“To shorten supply chains and get the U.S. metalworking industry closer to self-sufficiency will require more machines and machining technology,” Moser says. “If job shops want to convince OEMs to buy from them instead of continuing to import, then IMTS 2022 is the place to go. New machine tool models and new automation features will allow job shops to increase on-time delivery and be more price-competitive than they would have been otherwise. And that is what will help OEMs justify bringing the work back to the U.S.”
The rising number of jobs that can be attributed to FDI and reshoring indicate growing awareness of supply chains and signal an effort to reinforce domestic production capacity.
Ryan Kelly agrees. Kelly is the general manager of AMT – The Association For Manufacturing Technology’s San Francisco Tech Lab and head of the Onshoring Project, a consortium of organizations (including Gardner Business Media, the publisher of Modern Machine Shop) that share common objectives for helping North American companies achieve agile supply chains.
“During the pandemic, ‘supply chain’ became a buzzword,” Kelly says. “The average American — maybe for the first time in their lives — was dealing with scarcity, whether it was toilet paper or not being able to buy a car. But it’s not like the supply chain changed during the pandemic. We just revealed the level of fragility in the globalized supply chain that grew over the last several decades. We used this moment to come together, pool our resources and communicate a message to the world about what’s wrong with the supply chain and help to describe what a better system would look like.”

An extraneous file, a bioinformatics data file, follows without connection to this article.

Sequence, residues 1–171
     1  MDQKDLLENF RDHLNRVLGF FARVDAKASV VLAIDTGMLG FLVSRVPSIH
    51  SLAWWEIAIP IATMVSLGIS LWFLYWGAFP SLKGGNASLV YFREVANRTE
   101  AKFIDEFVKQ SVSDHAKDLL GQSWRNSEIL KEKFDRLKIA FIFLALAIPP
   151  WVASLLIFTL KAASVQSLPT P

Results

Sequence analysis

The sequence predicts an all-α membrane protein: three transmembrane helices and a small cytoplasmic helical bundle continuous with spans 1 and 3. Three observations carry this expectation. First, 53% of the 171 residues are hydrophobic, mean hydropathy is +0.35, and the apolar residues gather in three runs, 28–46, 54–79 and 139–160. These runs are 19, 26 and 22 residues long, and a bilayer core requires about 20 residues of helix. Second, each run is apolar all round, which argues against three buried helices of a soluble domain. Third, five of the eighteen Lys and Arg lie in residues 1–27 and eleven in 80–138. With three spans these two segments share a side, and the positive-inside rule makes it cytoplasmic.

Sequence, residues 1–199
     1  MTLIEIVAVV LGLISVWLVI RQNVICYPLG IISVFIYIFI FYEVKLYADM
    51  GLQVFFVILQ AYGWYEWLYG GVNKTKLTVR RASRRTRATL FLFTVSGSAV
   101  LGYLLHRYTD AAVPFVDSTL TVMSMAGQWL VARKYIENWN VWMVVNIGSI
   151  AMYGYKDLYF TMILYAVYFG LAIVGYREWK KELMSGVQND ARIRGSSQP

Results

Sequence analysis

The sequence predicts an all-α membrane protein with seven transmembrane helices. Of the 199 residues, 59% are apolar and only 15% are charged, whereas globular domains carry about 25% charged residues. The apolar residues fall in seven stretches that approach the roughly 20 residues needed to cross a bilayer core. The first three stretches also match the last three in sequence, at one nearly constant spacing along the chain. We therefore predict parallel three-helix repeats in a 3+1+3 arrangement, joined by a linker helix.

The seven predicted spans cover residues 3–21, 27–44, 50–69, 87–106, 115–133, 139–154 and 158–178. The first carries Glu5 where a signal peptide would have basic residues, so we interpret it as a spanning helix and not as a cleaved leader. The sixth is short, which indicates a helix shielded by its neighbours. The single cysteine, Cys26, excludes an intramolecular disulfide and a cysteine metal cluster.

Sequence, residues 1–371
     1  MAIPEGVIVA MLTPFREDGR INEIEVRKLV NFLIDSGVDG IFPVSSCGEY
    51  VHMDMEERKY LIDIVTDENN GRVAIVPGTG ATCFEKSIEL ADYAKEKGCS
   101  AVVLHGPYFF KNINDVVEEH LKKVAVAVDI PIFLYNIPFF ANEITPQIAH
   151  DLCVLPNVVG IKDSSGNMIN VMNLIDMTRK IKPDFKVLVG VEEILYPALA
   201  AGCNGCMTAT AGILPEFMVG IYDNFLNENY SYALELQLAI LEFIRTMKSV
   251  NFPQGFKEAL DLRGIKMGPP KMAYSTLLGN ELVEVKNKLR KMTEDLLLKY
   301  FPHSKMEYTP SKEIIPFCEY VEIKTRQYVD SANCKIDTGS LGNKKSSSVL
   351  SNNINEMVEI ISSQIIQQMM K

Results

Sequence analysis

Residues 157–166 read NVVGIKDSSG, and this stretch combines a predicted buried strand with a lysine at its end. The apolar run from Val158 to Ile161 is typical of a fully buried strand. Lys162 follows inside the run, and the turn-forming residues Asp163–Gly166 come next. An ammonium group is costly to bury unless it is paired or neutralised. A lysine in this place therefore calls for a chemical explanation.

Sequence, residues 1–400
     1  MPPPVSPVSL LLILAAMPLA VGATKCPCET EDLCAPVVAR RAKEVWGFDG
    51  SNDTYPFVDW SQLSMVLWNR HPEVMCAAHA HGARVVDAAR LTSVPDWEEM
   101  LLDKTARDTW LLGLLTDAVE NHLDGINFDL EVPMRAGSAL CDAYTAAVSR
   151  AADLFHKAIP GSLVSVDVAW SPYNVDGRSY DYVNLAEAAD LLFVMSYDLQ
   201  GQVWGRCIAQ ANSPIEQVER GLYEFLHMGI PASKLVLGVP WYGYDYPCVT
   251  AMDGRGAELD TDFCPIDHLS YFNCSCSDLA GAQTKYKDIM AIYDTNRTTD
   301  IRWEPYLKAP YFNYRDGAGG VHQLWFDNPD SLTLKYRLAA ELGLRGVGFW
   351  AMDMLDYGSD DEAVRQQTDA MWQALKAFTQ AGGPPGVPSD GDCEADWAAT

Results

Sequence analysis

Hardinge employees from Taiwan traveled to the company’s facility in Elmira, New York, to train workers to produce machine tools from two product lines in the U.S.
I was able to see first-hand what reshoring looks like when I visited Hardinge’s manufacturing plant in Elmira, New York, earlier this year. The company is now producing its Bridgeport XR Series of vertical machining centers and Talent Series of turning products in its Elmira facility after decades of these product lines being manufactured in Taiwan. What I saw were team members from Hardinge’s Taiwan facility training the company’s Elmira employees to once again produce these machines in the United States. It was fascinating to witness.
Of course, reshoring and strengthening the domestic manufacturing base involves more than increased automation and advanced machining technologies. At IMTS 2022, in addition to more than 2,000 booths in nine pavilions, visitors will be able to engage with programming that addresses supply chains and related topics such as workforce development, sourcing, investment in manufacturing and more. Mark your calendars now and register at IMTS.com/register. — BRENT DONALDSON